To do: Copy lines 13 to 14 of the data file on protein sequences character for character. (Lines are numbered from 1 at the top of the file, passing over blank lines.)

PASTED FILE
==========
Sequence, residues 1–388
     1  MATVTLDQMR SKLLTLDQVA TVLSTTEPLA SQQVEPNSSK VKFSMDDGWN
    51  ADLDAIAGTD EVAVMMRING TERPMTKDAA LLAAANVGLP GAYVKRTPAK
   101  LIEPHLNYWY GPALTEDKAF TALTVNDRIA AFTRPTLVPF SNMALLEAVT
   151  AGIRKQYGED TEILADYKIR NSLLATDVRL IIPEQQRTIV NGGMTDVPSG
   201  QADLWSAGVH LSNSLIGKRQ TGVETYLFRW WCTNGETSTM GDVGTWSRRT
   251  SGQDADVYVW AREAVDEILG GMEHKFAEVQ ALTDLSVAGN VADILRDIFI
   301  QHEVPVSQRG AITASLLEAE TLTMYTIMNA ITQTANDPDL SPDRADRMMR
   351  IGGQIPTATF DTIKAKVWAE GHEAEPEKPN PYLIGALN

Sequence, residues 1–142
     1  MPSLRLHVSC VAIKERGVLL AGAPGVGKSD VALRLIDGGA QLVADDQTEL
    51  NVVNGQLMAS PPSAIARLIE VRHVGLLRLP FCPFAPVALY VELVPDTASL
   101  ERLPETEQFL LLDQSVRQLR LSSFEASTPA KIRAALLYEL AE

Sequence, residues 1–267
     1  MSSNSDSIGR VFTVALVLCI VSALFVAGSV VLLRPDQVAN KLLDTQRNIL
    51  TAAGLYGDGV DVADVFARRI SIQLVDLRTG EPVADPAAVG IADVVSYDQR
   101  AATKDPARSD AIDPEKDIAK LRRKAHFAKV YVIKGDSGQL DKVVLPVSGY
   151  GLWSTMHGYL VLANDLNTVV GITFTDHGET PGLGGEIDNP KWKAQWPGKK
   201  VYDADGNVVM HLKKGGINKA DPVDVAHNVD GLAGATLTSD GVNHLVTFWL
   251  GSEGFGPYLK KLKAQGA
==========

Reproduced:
   101  ERLPETEQFL LLDQSVRQLR LSSFEASTPA KIRAALLYEL AE

Sequence, residues 1–267